The Emotional Home
Like a good book, interior design is all about creating emotional experiences. Unlike a good book, however, the goal of design is to reflect the nature, history, values and emotions of the inhabitants. It's a journey of self-love, exploration of one's identity, a celebration of family traditions, and reminiscing through the memories we've made while planning for those yet to be created. It's about consciously and thoughtfully creating and defining our personal culture, because our home, after all, is the little duchy we each control. We all take so much pride in the culture of the country from where we came or live in now, but are we taking that same appraoch when we design our homes?
I look at home as both a physical and emotional tool; infinitely more than an object to be thoughtlessly decorate in the style du jour. From a physical aspect, it protects us from the weather and outside dangers; it has to have spaces to cook, bathe, sleep, and sit. All of those tasks come with tools and systems, like where the cooktop, fridge, and sink are placed, and how we store all the smaller items we need to use them, like our forks and knives, spatulas, mixers, measuring cups, and pots and pans. Typically, we organize them using the dimensions of an average person and generic ergonomics; the modern kitchen, for example, was designed in the 1950s around the reach and movements of a 5'4" woman.
Next, we look at the individual and what they need based on their unique and inherent processes. That can be complicated and very difficult to sort through and assess, but fortunately that's exactly what the Myers Briggs test was set up to identify. It's typically been a tool to organize work teams and understand an employee's strengths and stretches, not as a tool to understand the environments they need to perform, but it can be just as insightful when applied to our home and office design. Not everyone works well at a desk or in a quite office-- some work best from the sofa, kitchen island, or their bed; Extraverts may have a home gym as a symbol of luxury or to fill available space, but they thrive in social setting and prefer to work out in a commercial gym. In fact, the entire concept of 'man caves' and 'she sheds' is centered around personal spaces for Introverts. How our houses have been traditionally planned and organized is a stock answer to a very complicated question, and is meant to serve everyone decently but no one well.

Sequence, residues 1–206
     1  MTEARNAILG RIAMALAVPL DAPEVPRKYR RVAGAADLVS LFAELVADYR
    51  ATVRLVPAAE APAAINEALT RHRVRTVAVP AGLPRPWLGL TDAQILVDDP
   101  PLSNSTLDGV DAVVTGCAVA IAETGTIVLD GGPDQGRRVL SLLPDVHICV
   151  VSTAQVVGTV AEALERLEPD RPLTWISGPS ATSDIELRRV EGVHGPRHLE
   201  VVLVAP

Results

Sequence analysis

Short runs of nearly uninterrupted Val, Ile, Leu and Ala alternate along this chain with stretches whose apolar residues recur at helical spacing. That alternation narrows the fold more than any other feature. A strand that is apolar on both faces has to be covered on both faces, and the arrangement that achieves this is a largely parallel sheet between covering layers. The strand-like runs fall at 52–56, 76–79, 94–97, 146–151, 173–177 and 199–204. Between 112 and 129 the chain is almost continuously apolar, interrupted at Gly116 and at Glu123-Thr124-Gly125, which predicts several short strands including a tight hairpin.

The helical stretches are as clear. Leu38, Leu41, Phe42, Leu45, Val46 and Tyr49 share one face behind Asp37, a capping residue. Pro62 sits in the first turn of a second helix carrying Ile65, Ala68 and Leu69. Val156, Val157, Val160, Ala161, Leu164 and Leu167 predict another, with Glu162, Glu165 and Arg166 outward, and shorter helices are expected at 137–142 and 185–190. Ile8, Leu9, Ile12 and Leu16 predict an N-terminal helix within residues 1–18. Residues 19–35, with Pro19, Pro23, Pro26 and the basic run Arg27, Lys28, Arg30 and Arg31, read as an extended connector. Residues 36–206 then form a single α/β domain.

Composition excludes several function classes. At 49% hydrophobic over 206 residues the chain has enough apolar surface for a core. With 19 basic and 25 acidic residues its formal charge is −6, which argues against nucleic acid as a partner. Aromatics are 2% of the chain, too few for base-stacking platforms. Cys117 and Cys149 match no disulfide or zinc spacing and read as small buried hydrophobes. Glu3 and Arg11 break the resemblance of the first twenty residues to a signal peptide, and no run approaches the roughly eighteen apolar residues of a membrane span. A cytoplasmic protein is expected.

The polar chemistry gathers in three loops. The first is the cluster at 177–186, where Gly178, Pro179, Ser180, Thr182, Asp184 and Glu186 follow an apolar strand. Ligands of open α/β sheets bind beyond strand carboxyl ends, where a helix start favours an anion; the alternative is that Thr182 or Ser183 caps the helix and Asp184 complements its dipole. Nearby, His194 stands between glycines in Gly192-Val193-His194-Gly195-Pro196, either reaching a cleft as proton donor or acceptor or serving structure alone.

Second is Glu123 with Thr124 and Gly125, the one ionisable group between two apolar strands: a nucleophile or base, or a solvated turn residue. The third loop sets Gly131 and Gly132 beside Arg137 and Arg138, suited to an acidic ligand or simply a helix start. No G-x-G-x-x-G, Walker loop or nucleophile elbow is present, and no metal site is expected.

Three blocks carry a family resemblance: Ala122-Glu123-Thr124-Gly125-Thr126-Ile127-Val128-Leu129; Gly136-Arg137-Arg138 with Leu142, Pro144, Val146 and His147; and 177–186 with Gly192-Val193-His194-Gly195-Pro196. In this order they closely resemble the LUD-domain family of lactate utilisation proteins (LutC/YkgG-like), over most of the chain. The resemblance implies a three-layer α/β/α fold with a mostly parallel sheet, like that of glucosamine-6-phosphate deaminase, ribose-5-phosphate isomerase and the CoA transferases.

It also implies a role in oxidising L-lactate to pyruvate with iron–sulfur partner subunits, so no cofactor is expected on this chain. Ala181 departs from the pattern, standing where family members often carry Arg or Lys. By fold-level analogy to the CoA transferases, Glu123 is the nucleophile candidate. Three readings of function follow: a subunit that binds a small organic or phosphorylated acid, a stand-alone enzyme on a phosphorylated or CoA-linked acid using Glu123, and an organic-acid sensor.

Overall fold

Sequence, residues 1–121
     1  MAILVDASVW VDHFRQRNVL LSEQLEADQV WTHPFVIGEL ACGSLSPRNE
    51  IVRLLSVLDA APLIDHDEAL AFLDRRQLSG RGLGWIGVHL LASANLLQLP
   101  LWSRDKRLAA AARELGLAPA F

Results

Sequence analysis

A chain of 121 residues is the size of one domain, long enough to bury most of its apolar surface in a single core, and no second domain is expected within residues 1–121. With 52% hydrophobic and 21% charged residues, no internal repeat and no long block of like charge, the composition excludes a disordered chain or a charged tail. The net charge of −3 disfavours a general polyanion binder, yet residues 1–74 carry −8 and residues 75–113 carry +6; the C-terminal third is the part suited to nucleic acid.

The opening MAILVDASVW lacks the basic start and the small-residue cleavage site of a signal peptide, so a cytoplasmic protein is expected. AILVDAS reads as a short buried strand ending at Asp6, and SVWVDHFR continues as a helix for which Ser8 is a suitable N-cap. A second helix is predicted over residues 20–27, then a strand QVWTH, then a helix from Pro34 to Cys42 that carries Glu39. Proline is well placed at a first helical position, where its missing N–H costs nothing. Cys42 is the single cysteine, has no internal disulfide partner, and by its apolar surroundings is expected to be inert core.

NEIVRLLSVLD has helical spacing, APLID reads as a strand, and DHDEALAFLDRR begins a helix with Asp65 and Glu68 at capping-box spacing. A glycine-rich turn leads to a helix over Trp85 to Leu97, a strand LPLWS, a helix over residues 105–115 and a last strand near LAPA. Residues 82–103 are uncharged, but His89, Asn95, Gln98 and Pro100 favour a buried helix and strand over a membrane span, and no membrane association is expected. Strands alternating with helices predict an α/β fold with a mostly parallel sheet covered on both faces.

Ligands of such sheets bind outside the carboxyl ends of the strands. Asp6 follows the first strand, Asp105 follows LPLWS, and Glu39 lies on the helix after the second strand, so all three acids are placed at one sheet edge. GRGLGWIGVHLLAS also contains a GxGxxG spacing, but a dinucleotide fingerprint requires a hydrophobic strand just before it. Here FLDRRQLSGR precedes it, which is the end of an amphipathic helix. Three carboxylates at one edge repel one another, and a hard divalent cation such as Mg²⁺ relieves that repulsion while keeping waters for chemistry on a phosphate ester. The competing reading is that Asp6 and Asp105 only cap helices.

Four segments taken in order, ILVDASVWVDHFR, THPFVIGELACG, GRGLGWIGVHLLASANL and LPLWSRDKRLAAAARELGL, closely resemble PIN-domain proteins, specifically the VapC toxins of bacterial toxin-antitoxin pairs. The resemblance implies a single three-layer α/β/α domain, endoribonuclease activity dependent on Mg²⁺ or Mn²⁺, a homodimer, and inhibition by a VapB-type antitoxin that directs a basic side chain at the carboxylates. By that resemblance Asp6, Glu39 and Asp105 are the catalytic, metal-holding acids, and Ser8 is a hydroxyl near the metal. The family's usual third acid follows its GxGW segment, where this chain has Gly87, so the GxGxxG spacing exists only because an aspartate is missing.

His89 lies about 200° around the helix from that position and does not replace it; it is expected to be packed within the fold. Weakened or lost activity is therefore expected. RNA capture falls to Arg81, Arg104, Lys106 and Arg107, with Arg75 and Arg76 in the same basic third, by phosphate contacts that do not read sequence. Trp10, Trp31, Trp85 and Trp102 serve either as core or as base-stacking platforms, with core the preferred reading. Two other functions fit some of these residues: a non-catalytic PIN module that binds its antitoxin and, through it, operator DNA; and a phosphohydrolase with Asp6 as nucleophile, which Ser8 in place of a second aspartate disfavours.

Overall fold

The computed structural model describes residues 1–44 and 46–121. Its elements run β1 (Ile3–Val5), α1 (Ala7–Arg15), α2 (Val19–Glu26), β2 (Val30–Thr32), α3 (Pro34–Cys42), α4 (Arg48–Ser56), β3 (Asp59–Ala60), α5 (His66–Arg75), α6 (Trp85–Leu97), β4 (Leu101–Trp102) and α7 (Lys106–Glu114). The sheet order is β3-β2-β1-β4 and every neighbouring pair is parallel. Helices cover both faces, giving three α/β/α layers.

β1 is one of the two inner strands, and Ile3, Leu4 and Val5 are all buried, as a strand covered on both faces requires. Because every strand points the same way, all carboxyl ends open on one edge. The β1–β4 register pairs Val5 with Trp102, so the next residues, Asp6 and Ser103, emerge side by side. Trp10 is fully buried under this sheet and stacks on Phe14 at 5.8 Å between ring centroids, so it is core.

All of that is still not enough. Just as we function and process the world differently, we also all have a different sense of beauty and style, which was developed through a lifetime of experiences. Beauty is closely tied to our identity-- we like what we're familiar with, and are drawn to environments and objects that remind us of our past. While artists and designers have spent their lives learning how to appreciate beauty objectively, for most people, it's extremely subjective, and a lot of what we find beautiful is attractive to us because of its familiarity and the deeper meanings we've assigned to it.
From a psychological and neuroaesthetics perspective, how the brain processes beauty is also critical, because our subconscious brain (our animal brain) has developed a complex association between ugly things and attractive ones; ugly = danger, while beauty = safety. Furthermore, our psychological state is highly influenced by, and dependent on, our environment, which is what we see, hear, taste, touch, and smell. Recent neurological research proves that ugly spaces are detrimental to our health by triggering our primitive survival instincts, which is all about survival. When we feel threatened, our heart rate and blood pressure go up, and our body injects us with cortisol so we can act quicky. While that may help use to survive a sudden threat, it's the root of anxiety and many diseases when we sustain that state over long periods of time.
If we put all of that together an mix it up, we can easily see that our ideal home is a complicated matrix of physical and emotional needs. When its designed with that in mind, we can reach an entirely new place of physical and emotional well-being. What we create, quite simply put, is the Emotional Home.
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